PERTH — Two fresh signals have been picked up in the search for missing Malaysian flight MH370, raising hopes Wednesday that wreckage will be found within days even as black box batteries start to expire.
Australian ship Ocean Shield detected the signals Tuesday to match a pair of transmissions picked up over the weekend that have been analysed as consistent with signals from the plane's flight data recorder, the head of the search said.
"Ocean Shield has been able to reacquire the signals on two more occasions, late yesterday afternoon and later last night," said Angus Houston, head of the Joint Agency Coordination Centre.
The Australian ship has now picked up four transmissions, crucial information as searchers try to pinpoint the crash zone for the Malaysia Airlines Boeing 777 that disappeared on March 8 with 239 people on board.
Officials had feared that the signals which were initially picked up might not be detected again, particularly since the batteries on the black box tracking beacons have a normal lifespan of about 30 days.
The new transmissions, found in the same broad area as the previous two, lasted for five minutes and 32 seconds and about seven minutes respectively, Houston said.
"Yesterday's signals will assist in better defining a reduced and much more manageable search area on the ocean floor," Houston said.
"I believe we are searching in the right area but we need to visually identify the aircraft before we can confirm with certainty that this is the final resting place of MH370."
Houston again urged caution for the sake of the families of those aboard the flight which mysteriously vanished en route from Kuala Lumpur to Beijing, and said the search for more signals would go on.
"Hopefully with lots of transmissions we'll have a tight, small area and hopefully in a matter of days we'll be able to find something on the bottom that might confirm that this is the last resting place of MH370," Houston told reporters.
The hunt was now narrowing, with experts confirming the first transmissions were consistent with black box recorders.
"The analysis determines that a very stable distinct and clear signal was detected at 33.331 kHz and that it consistently pulsed at a 1.106 second interval," Houston said.
"They therefore assessed that the transmission was not of natural origin and was likely sourced from specific electronic equipment.
"They believe the signals to be consistent with the specification and description of a flight data recorder."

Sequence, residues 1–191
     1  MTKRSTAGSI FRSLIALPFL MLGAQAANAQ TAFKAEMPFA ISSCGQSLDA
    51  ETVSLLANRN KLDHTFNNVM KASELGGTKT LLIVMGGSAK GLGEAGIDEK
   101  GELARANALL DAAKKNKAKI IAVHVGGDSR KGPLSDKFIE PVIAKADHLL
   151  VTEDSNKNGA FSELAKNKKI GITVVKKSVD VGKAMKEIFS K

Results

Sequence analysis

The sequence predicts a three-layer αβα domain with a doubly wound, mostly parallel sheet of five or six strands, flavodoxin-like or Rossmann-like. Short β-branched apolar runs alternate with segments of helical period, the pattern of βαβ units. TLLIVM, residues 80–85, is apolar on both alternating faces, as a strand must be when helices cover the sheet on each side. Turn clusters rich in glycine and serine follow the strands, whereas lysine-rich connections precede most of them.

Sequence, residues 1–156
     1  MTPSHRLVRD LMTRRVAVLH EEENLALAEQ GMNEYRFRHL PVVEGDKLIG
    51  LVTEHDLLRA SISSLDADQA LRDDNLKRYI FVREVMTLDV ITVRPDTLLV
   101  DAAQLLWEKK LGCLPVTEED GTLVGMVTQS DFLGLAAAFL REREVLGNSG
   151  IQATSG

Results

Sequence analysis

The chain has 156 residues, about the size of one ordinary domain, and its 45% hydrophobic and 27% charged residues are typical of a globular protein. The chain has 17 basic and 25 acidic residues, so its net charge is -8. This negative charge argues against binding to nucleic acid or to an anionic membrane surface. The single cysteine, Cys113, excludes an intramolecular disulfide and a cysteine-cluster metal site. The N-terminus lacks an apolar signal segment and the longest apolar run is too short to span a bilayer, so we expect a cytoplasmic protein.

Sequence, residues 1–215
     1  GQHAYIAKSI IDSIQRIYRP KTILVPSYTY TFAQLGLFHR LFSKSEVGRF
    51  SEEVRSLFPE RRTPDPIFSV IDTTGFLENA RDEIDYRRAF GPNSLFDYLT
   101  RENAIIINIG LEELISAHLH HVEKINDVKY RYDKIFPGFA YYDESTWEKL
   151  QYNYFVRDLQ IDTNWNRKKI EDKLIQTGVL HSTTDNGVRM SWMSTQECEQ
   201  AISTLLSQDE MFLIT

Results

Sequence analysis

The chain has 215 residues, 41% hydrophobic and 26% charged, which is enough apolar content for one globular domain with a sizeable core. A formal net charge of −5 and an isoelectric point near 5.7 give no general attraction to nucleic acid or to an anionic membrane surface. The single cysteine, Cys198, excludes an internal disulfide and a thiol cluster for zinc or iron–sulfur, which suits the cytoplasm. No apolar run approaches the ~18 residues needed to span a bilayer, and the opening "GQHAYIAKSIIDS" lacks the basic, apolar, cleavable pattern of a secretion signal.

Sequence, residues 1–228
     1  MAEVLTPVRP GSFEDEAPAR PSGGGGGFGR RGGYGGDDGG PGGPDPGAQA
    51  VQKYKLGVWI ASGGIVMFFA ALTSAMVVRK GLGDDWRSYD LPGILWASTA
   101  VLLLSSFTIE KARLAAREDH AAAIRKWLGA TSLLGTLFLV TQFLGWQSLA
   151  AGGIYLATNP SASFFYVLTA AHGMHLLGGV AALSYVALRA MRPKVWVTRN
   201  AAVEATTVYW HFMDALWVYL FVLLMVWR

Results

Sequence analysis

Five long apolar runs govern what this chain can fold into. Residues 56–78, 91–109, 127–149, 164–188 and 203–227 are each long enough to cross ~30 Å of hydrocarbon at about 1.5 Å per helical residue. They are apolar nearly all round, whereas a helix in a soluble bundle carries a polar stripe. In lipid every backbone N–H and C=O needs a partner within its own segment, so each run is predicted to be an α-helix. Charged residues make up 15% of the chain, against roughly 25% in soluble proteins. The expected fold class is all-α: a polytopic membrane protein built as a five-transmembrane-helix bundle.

Authorities have been searching a linear arc produced from satellite data and believed to represent the last stretch of the plane's flight path.
While China's Haixun 01 vessel initially reported some acoustic signals at the southern end of this trajectory, these have not occurred again, Houston said.
No other ships will be allowed near the Ocean Shield, as its work must be done in an environment as free of noise as possible, but a modified RAAF AP-3C Orion was parachuting sonar buoys into the vicinity.
These will float on the surface and have a hydrophone attached dangling 1,000 feet below to hopefully pick up any emissions, although officials warned these could be dulled by thick silt on the seabed.
With the clock ticking on how long the black boxes could feasibly continue to transmit, Houston said it would not be long before a US-made autonomous underwater vehicle called a Bluefin 21 would be sent down to investigate.
Houston said officials were probably close to using this device because the last acoustic signal was very weak, indicating the batteries were running down.
"I don't think that time is very far away," he said.
He said the Ocean Shield could search six times the area with the towed pinger locator that could be done with a sonar on the Bluefin.
Up to 11 military aircraft, four civil planes and 14 ships were searching Wednesday over a zone covering 75,423 square kilometres (29,000 square miles), Australia's Joint Agency Coordination Centre said.
The focus of the search area is 2,260 kilometres (1,400 miles) northwest of Perth. The case of the missing jet has baffled aviation experts and frustrated the families of those on board, two-thirds of whom were Chinese.
Despite extensive searches on the ocean surface, no debris has yet been found but Houston said the visual searching would continue.
The retired Air Chief Marshal voiced optimism despite the challenges of searching 4.5 kilometres (2.8 miles) below the surface in a remote patch of the Indian Ocean.
"I am now optimistic that we will find the aircraft, or what is left of the aircraft, in the not too distant future," he said.